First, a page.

I have to admit I was rather charmed watching a demo of Microsoft’s Windows 8 tablet. I bounce back and forth between my iPad and MacBook Pro quite often during the day, so merging the two into a single device looked appealing. After a few minutes daydreaming about the unification of iOS and OSX, it struck me that I don’t want an El Camino.
My wife, Liz, and I share a 2001 Honda Accord for a reason—it’s an incredibly practical vehicle that handles 99% of our transportation needs. Every once in a while we need a truck to haul a large piece of furniture, or handle some other cargo that just wont fit in our Accord. Fortunately, we have quite a few friends who own trucks we can borrow, but even if we didn’t, renting a truck once in a while is significantly more cost effective than buying a truck just to have one around. And buying an El Camino would be absurd. It compromises the functionality of each vehicle class such that it would be completely impractical for us.
Liz and I also happen to share my MacBook Pro. It’s the only non-iOS computing device in our home. Sharing the computer was a minor source of contention until recently when I bought Liz a keyboard for her iPad. She still uses my computer on occasion, but it’s mostly for things like buying plane tickets or ordering flowers, which should be much easier on iOS.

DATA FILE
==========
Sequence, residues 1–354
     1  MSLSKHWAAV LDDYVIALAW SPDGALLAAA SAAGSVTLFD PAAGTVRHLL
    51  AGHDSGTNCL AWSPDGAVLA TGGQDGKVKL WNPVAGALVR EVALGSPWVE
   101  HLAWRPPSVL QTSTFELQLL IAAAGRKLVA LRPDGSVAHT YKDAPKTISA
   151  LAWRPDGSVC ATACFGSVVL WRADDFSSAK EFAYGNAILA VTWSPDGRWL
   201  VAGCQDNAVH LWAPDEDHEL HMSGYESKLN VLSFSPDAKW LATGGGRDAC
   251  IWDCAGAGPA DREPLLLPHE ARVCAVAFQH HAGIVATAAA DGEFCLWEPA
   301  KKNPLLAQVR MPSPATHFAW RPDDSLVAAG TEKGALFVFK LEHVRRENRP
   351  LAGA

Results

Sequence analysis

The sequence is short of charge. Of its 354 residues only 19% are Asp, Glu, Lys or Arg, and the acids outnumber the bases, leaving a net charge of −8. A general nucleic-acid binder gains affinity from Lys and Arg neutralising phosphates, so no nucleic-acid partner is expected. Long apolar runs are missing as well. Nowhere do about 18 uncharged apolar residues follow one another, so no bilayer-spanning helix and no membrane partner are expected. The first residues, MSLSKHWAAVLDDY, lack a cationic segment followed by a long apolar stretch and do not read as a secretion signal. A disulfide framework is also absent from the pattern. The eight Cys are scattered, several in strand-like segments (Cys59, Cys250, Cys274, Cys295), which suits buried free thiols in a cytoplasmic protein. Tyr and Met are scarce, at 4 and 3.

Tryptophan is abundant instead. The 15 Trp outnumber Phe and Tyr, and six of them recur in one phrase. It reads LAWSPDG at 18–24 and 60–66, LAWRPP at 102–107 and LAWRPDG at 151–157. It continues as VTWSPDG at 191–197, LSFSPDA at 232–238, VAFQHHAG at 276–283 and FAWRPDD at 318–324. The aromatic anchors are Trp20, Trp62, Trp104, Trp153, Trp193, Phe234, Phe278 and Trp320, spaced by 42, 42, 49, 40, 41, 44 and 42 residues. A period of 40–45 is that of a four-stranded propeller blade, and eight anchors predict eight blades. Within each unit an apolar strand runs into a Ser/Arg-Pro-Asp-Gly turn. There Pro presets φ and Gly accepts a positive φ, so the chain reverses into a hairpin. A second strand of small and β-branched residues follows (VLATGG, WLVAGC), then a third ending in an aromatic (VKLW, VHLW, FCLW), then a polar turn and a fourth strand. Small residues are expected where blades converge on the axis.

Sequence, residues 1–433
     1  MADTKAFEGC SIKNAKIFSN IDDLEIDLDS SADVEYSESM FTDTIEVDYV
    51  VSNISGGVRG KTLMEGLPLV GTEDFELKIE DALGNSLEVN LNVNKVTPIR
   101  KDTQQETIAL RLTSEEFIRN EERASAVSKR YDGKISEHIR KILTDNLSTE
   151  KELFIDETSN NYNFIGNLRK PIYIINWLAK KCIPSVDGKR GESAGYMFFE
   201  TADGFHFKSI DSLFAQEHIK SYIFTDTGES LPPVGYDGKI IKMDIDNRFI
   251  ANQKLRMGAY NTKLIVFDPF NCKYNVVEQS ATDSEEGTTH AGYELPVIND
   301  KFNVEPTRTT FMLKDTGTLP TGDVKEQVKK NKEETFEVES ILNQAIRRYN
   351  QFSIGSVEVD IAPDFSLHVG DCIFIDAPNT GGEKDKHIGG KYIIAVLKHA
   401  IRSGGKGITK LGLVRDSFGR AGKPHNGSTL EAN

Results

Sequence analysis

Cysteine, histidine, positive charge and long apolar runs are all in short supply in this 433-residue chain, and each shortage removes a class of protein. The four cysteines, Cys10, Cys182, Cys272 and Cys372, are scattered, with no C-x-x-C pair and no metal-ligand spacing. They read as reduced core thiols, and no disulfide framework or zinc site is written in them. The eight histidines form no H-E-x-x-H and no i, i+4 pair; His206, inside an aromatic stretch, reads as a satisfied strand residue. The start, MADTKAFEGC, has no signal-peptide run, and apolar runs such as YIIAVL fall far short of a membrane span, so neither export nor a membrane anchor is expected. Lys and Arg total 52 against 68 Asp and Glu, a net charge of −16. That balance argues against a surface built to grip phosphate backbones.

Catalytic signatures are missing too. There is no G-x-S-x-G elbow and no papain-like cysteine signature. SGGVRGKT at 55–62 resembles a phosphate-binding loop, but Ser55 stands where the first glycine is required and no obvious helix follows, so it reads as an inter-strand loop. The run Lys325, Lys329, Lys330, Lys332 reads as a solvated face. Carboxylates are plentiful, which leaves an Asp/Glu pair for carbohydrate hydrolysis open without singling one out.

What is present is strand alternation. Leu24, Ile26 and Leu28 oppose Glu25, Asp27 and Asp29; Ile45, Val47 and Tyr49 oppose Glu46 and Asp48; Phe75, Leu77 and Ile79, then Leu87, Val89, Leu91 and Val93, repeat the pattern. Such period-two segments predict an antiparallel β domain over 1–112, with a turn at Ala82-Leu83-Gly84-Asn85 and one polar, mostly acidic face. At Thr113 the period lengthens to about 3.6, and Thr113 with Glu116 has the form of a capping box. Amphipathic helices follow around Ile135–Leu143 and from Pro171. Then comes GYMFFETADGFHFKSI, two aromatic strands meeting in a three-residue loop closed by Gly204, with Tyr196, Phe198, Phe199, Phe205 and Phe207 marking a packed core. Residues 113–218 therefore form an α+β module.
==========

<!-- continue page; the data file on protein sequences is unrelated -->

Some people still have a hard time believing this, but I have no doubt that the future of computing—especially casual computing—is iOS, not OSX. And I’m starting to doubt the viability or necessity of a hybrid. The car vs. truck analogy will become less applicable over time. iOS isn’t bound by physicality as is a car. Through speech-to-text, gestures, software innovation, and even hardware accessories, Apple can empower more and more iOS users to make a complete break from OSX. And iCloud is a big step in that direction.
Microsoft’s El Camino approach to computing may ultimately be saved by Moore’s Law if hardware can catch up fast enough to adequately and cost effectively run the behemoth they’re building. But Apple already has an 18 month head start on the future of computing and Windows 8 wont launch until Fall 2012 at the earliest. While the hybrid approach looks attractive today, it will look less and less attractive over time, and will likely look like a complete kludge by the time Microsoft is able to ship it.